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|Edited by||AK Shee (Current Masthead)|
UCLA School of Law (United States)
|Bluebook||UCLA L. Rev.|
|ISO 4||UCLA Law Rev.|
|ISSN|| 0041-5650 (print)|
Membership is decided based on performance on a write-on competition. The editorial board is selected from the staff. Past editors have included federal judges Paul J. Watford, Sandra Segal Ikuta, and Kim McLane Wardlaw.
The University of California, Los Angeles (UCLA) is a public research university in Los Angeles. UCLA traces its early origins back to 1882 as the southern branch of the California State Normal School. It became the Southern Branch of the University of California in 1919, making it the fourth-oldest of the 10-campus University of California system and oldest of the campuses in Southern California. It offers 337 undergraduate and graduate degree programs in a wide range of disciplines. UCLA enrolls about 31,500 undergraduate and 12,800 graduate students and had 119,000 applicants for Fall 2016, including transfer applicants, making the school the most applied-to of any American university.
The American Bar Association (ABA), founded August 21, 1878, is a voluntary bar association of lawyers and law students, which is not specific to any jurisdiction in the United States. The ABA's most important stated activities are the setting of academic standards for law schools, and the formulation of model ethical codes related to the legal profession. As of fiscal year 2017, the ABA had 194,000 dues-paying members, constituting approximately 14.4% of U.S. attorneys. In 1979, half of all lawyers in the U.S. were members of the ABA. The organization's national headquarters are in Chicago, Illinois; it also maintains a significant branch office in Washington, D.C.
The Harvard Law Review is a law review published by an independent student group at Harvard Law School. According to the Journal Citation Reports, the Harvard Law Review's 2015 impact factor of 4.979 placed the journal first out of 143 journals in the category "Law". It is published monthly from November through June, with the November issue dedicated to covering the previous year's term of the Supreme Court of the United States. The journal also publishes the online-only Harvard Law Review Forum, a rolling journal of scholarly responses to the main journal's content.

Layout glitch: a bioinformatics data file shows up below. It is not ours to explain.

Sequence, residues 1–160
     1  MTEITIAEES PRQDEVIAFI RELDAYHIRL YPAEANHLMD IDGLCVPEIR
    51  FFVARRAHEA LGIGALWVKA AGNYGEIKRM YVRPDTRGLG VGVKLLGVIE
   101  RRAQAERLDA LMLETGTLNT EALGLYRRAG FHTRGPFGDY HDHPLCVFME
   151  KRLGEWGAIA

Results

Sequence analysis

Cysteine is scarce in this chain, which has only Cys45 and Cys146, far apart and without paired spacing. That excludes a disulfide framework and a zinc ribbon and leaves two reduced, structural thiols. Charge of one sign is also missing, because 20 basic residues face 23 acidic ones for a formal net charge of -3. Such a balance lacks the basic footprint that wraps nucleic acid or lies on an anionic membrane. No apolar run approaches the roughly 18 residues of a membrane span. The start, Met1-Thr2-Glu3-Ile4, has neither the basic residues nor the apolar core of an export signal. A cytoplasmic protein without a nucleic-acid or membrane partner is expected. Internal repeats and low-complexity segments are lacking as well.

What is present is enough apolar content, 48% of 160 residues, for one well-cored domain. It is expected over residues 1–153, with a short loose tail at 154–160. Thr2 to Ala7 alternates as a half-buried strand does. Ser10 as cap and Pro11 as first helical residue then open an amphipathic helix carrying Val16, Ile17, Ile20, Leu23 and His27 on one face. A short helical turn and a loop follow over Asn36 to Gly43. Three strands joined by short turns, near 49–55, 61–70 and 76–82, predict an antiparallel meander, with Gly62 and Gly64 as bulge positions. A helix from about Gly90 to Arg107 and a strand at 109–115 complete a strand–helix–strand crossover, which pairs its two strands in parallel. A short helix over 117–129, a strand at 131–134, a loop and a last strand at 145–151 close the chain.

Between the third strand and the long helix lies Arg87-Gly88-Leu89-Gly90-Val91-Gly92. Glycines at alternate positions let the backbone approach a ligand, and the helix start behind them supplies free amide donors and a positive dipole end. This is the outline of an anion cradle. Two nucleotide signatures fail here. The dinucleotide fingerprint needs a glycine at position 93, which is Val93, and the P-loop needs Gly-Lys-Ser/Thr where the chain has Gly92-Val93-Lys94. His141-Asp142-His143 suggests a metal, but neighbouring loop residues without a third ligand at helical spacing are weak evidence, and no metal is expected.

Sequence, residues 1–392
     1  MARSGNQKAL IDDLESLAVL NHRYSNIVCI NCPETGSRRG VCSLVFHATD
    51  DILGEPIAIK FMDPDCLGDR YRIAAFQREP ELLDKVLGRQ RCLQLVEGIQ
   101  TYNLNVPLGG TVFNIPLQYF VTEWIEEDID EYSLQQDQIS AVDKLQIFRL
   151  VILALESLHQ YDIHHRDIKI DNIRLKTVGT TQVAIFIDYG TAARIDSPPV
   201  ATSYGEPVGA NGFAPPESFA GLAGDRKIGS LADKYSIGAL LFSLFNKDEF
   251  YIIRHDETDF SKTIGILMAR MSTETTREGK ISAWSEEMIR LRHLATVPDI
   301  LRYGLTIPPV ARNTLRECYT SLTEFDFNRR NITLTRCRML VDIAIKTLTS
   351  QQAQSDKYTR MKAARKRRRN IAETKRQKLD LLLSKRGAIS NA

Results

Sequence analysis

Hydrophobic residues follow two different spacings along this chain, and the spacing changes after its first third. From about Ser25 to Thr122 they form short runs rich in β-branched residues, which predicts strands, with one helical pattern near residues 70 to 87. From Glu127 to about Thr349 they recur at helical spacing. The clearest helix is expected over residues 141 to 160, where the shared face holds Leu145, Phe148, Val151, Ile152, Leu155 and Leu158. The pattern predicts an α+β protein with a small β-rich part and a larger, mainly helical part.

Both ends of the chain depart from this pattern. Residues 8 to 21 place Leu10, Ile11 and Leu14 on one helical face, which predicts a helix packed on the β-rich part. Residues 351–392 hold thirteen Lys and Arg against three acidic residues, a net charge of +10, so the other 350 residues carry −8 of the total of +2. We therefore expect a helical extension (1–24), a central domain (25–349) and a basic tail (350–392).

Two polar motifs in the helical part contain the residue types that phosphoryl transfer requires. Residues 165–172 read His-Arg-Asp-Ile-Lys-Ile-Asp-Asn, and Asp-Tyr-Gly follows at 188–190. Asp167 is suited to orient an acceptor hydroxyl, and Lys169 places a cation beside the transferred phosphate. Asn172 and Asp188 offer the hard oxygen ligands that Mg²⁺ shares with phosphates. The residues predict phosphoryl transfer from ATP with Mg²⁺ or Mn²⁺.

Proposition 209 is a California ballot proposition which, upon approval in November 1996, amended the state constitution to prohibit state governmental institutions from considering race, sex, or ethnicity, specifically in the areas of public employment, public contracting, and public education. Modeled on the Civil Rights Act of 1964, the California Civil Rights Initiative was authored by two California academics, Glynn Custred and Tom Wood. It was the first electoral test of affirmative action policies in America.
Eugene Volokh is a Ukrainian-American legal scholar known for his scholarship in American constitutional law and libertarianism as well as his prominent legal blog The Volokh Conspiracy. He is the Gary T. Schwartz Professor of Law at the UCLA School of Law, and is an academic affiliate at the law firm Mayer Brown.
Stephen Fain Williams is a Senior United States Circuit Judge of the United States Court of Appeals for the District of Columbia Circuit.
Who's Who is a source of biographical data on more than 33,000 influential people from around the world. Published annually since 1849, and as of 2015 in its 168th edition, it lists people who influence British life, according to its editors. Entries include judges, civil servants, politicians and notable figures from academia, sport and the arts.
Armen Albert Alchian was an American economist. He spent almost his entire career at the University of California, Los Angeles (UCLA). A major microeconomic theorist, he is known as one of the founders of New Institutional Economics and widely acknowledged for his work on property rights.